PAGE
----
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Vanuatu Soon to Outlaw Plastic Bags, Drinking Straws, Foam Containers
In less than two months, one of the toughest bans on single-use plastics in the Pacific will take effect.
Vanuatu Prime Minister Charlot Salwai announced the initiative last year to ban plastic bags, drinking straws and polystyrene foam containers in order to protect the environment and oceans and to keep the country "clean and safe."
Starting this July 1, it would be an offense to manufacture, sell or give away such items on the nation, which consists of roughly 80 islands in the southwest Pacific Ocean.
The only exception is for plastics that are used to contain, wrap or carry meat or fish.
In January, companies and retailers were given six months to adjust to the new rule and to use up their existing supplies.
Vanuatu's Daily Post reported Monday that the government is hosting a workshop this week to offer details of the ban and to increase the public's awareness of plastic pollution. The workshop will host representatives from across Vanuatu.
Vanuatu is famed for its beautiful beaches, clear waters and spectacular reefs. However, plastic pollution has become a growing problem. In 2015, during National Environment Week, the Vanuatu Environment Science Society held a nationwide "Clean Up Your Environment Day" that collected 5,126 pieces of litter in four sites. The most common item found was plastic bags and plastic food wrappers.
The government has ambitions to become completely free of plastic.
"We're also looking to ban all plastic knives, forks, straws, those kinds of things," Vanuatu's foreign affairs minister Ralph Regenvanu told Australia's ABC News in January.
"We are working with the private sector to make as sure as possible we don't adversely affect companies who are manufacturing plastic products in Vanuatu."
During Commonwealth Heads of State conference last month, Vanuatu and the United Kingdom established the Commonwealth Clean Oceans Alliance to tackle plastic pollution.
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‘Companies Should Not Be Allowed to Use Hazardous Ingredients in Products People Use’: Michelle Pfeiffer Speaks Up for Safer Cosmetics
The beauty products we put on our skin can have important consequences for our health. Just this March, the U.S. Food and Drug Administration (FDA) warned that some Claire's cosmetics had tested positive for asbestos. But the FDA could only issue a warning, not a recall, because current law does not empower the agency to do so.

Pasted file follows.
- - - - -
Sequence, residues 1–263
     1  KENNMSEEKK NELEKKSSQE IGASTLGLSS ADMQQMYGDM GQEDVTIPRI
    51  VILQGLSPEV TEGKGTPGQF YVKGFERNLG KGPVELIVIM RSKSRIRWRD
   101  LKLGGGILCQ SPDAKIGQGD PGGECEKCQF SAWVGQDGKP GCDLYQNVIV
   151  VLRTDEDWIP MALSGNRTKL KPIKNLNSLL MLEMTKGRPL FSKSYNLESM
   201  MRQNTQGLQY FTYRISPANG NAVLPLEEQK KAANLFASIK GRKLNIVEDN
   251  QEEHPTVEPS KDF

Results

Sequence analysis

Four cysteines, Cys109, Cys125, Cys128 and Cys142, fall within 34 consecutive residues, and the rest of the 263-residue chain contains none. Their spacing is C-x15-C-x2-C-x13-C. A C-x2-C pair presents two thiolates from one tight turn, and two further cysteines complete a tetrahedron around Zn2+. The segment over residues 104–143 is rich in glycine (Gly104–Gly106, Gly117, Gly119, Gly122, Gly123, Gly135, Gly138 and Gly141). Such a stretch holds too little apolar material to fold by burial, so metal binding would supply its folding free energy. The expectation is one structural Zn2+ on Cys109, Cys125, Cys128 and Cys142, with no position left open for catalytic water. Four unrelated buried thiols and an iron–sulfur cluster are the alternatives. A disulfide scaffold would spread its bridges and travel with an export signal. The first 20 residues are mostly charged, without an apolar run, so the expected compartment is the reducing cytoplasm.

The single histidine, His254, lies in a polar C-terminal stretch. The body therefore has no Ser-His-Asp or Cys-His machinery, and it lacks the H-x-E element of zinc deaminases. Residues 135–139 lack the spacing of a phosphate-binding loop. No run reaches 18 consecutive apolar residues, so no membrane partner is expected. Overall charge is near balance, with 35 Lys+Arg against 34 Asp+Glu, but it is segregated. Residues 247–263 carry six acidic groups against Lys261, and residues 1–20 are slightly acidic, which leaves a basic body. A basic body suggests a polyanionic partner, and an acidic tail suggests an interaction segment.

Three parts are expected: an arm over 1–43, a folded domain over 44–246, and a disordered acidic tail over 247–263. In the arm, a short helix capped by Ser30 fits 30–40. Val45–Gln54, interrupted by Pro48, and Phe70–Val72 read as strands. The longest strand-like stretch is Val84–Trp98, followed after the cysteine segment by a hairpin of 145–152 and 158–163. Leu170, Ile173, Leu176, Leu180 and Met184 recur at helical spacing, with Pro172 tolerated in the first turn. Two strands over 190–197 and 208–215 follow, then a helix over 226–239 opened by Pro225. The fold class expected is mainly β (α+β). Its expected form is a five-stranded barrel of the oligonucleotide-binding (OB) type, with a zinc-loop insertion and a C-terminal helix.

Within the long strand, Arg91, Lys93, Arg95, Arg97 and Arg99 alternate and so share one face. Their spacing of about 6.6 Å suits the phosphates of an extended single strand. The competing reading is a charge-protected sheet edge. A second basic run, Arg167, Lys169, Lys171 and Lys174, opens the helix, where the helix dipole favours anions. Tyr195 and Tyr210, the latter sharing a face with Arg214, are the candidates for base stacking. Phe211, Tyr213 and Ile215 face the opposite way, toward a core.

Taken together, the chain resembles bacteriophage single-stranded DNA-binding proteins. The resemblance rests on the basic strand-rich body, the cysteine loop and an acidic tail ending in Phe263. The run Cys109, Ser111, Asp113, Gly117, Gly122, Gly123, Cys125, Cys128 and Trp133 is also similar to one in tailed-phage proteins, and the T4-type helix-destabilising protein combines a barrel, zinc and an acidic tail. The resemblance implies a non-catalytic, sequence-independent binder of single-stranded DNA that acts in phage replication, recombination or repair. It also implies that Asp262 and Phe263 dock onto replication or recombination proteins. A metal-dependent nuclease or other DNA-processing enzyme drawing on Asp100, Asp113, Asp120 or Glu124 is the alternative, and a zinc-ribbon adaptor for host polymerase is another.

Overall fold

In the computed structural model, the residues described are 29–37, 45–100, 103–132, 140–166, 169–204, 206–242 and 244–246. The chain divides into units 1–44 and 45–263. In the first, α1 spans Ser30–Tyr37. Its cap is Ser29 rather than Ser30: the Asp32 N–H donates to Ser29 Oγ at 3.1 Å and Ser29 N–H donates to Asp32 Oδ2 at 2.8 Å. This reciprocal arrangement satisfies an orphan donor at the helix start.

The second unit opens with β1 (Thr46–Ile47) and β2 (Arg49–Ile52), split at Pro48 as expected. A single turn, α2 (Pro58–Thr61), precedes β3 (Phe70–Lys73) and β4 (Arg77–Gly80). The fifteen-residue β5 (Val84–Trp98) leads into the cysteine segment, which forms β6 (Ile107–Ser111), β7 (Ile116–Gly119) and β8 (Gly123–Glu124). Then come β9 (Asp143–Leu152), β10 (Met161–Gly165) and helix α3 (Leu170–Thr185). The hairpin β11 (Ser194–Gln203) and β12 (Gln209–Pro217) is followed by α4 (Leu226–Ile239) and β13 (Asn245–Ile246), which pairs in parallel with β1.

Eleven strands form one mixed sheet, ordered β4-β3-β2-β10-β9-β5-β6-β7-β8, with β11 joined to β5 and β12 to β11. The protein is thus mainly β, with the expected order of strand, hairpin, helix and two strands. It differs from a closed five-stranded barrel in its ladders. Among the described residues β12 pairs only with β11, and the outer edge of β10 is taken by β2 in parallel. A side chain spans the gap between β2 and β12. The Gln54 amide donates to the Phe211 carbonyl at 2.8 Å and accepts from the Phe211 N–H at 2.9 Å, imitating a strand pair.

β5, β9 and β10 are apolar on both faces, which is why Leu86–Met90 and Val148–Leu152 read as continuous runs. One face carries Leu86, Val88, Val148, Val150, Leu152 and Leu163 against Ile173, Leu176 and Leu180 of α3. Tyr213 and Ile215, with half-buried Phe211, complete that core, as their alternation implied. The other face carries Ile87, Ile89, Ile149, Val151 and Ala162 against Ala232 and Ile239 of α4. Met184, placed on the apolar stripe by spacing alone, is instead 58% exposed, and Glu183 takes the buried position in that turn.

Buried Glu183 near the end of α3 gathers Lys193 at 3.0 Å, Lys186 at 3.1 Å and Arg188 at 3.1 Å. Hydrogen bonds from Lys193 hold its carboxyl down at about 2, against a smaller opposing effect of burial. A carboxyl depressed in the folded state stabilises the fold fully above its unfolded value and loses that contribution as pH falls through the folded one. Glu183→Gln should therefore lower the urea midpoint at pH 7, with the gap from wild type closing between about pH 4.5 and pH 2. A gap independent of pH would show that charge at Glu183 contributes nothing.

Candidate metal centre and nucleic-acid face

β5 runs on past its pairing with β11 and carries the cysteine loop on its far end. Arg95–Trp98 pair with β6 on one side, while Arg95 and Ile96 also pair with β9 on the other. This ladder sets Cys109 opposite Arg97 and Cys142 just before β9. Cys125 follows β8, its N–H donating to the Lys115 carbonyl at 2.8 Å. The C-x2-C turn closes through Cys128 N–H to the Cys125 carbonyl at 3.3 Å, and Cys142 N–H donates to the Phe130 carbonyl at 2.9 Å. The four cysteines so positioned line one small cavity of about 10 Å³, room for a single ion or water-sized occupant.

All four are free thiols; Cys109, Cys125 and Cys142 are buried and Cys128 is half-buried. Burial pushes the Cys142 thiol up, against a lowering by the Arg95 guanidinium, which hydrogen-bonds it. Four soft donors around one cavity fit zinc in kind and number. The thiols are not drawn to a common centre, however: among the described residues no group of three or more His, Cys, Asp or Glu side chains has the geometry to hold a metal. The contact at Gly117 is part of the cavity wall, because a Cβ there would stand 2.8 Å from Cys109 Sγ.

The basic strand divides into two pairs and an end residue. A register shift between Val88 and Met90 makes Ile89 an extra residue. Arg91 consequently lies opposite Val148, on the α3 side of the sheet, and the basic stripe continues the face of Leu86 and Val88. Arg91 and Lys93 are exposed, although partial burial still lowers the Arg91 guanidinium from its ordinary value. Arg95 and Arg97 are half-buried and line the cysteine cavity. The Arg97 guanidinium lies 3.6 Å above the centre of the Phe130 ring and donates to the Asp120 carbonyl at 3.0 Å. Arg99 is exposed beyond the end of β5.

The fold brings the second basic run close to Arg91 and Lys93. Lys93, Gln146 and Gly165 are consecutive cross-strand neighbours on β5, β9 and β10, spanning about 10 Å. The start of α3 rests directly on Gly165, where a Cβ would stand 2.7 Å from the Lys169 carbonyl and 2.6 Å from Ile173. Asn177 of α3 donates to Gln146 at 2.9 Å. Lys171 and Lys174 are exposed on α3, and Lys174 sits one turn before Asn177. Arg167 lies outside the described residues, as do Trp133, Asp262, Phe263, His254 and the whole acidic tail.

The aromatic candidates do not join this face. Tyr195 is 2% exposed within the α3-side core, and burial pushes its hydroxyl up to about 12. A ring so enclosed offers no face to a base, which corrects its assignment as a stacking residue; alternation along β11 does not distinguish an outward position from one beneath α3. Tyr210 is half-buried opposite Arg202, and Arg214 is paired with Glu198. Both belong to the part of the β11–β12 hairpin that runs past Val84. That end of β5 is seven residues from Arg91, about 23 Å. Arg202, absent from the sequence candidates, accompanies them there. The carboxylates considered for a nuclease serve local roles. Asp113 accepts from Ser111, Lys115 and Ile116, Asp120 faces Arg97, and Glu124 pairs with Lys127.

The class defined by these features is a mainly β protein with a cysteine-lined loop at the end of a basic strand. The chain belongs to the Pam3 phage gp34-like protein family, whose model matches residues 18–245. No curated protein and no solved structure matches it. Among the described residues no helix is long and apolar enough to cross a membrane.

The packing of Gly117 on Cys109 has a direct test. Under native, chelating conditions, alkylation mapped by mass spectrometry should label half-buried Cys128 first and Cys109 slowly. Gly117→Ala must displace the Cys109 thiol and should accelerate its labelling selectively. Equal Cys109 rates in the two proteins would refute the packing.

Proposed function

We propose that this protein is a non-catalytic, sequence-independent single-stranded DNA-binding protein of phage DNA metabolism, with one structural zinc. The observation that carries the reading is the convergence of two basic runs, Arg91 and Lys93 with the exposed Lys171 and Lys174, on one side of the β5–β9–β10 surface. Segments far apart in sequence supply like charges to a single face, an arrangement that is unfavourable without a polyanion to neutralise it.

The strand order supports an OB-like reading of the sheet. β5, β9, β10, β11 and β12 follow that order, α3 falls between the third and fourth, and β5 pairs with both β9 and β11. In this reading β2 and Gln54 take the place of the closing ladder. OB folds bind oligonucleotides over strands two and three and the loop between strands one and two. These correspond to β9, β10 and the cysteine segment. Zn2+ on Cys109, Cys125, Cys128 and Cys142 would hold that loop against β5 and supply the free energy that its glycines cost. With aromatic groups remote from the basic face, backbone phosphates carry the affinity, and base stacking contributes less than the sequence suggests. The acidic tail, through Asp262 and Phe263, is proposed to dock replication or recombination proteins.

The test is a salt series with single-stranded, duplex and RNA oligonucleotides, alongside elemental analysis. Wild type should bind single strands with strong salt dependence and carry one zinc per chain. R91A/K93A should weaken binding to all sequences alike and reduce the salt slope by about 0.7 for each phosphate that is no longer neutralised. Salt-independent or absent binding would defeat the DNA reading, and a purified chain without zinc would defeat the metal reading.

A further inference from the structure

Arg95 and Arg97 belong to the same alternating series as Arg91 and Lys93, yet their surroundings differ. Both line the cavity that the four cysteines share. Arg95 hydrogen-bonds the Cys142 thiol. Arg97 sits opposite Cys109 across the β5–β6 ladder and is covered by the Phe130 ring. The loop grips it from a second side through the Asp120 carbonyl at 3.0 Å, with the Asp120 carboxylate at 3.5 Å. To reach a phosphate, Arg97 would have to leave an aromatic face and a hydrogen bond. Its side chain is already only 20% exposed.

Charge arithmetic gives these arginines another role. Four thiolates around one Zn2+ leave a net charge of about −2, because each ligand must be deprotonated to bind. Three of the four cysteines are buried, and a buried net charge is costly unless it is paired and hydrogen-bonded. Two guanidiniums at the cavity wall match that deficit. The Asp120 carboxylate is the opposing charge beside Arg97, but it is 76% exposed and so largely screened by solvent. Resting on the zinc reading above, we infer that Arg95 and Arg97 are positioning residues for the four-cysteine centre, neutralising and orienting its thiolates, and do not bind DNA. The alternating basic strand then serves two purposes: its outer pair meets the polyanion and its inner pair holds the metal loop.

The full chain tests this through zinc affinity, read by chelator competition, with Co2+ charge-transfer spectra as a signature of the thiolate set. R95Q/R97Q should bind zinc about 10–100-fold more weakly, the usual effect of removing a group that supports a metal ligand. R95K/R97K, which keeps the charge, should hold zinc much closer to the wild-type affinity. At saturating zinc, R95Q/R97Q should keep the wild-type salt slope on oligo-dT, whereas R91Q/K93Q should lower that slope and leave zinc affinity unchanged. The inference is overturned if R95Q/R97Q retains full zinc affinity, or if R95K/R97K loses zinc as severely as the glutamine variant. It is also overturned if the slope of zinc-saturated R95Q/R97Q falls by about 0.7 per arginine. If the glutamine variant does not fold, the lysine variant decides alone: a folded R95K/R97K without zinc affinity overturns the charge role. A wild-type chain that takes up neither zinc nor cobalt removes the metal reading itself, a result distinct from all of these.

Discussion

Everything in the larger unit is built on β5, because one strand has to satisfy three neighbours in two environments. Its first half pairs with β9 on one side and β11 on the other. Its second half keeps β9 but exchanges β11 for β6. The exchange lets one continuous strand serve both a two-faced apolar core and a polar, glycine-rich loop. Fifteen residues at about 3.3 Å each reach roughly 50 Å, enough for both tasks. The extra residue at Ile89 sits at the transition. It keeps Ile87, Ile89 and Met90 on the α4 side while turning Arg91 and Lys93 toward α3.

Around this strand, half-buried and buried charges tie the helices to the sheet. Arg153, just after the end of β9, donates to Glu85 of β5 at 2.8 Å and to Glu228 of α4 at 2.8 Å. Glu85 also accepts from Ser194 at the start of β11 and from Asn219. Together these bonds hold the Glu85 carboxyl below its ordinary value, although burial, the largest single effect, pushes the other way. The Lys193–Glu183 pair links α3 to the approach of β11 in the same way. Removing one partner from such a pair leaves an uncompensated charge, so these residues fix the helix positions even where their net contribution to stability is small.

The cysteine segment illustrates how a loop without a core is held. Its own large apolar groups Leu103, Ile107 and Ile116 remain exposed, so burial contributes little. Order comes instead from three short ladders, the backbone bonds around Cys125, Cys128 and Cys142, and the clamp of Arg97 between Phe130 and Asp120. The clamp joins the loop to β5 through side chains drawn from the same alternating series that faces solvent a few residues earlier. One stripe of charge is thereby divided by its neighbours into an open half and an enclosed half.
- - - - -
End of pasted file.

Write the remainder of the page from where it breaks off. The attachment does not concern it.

Michelle Pfeiffer wants to change that.
The actress and Environmental Working Group (EWG) board member was spotted on Capitol Hill Thursday lobbying lawmakers on behalf of a bill that would increase oversight of the cosmetics industry, The Washington Post reported.
By Julia Conley
Scientists at the United Nations' intergovernmental body focusing on biodiversity sounded alarms earlier this month with its report on the looming potential extinction of one million species — but few heard their calls, according to a German newspaper report.
The climate crisis is a major concern for American voters with nearly 40 percent reporting the issue will help determine how they cast their ballots in the upcoming 2020 presidential election, according to a report compiled by the Yale Program on Climate Change Communication.
Of more than 1,000 registered voters surveyed on global warming, climate and energy policies, as well as personal and collective action, 38 percent said that a candidate's position on climate change is "very important" when it comes to determining who will win their vote. Overall, democratic candidates are under more pressure to provide green solutions as part of their campaign promises with 64 percent of Democrat voters saying they prioritize the issue compared with just 34 percent of Independents and 12 percent of Republicans.
President Donald Trump has agreed to sign a $19.1 billion disaster relief bill that will help Americans still recovering from the flooding, hurricanes and wildfires that have devastated parts of the country in the past two years. Senate Republicans said they struck a deal with the president to approve the measure, despite the fact that it did not include the funding he wanted for the U.S.-Mexican border, CNN reported.
"The U.S. Senate has just approved a 19 Billion Dollar Disaster Relief Bill, with my total approval. Great!" the president tweeted Thursday.